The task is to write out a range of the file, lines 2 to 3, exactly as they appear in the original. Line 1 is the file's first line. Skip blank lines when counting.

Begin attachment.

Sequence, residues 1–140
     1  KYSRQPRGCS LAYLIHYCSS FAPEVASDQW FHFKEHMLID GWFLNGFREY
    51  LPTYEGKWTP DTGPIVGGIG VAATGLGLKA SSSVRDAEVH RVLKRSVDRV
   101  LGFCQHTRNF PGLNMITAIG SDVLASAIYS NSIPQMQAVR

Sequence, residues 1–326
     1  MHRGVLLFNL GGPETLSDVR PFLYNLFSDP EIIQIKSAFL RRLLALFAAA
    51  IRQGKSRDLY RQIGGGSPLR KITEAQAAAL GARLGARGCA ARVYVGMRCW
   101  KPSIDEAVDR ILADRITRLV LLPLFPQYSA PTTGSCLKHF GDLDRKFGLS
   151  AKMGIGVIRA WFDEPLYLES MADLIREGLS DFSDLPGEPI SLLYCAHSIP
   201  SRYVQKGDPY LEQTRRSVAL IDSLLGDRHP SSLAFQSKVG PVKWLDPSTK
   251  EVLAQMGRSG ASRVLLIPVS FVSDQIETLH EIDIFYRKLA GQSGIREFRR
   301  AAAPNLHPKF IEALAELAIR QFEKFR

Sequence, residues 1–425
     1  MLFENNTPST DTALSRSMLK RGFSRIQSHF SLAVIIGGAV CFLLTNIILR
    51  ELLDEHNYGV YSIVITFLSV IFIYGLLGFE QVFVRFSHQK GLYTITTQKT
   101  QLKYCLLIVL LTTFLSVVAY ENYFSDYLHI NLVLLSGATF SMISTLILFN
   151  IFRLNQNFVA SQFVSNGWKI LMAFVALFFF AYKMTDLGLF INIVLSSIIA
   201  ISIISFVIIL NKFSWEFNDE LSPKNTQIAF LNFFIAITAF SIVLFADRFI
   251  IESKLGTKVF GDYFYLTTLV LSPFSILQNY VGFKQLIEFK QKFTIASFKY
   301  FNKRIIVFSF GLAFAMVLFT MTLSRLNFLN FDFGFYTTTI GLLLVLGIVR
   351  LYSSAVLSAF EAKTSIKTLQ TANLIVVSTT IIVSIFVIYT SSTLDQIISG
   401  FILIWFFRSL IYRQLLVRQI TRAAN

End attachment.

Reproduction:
     1  KYSRQPRGCS LAYLIHYCSS FAPEVASDQW FHFKEHMLID GWFLNGFREY
    51  LPTYEGKWTP DTGPIVGGIG VAATGLGLKA SSSVRDAEVH RVLKRSVDRV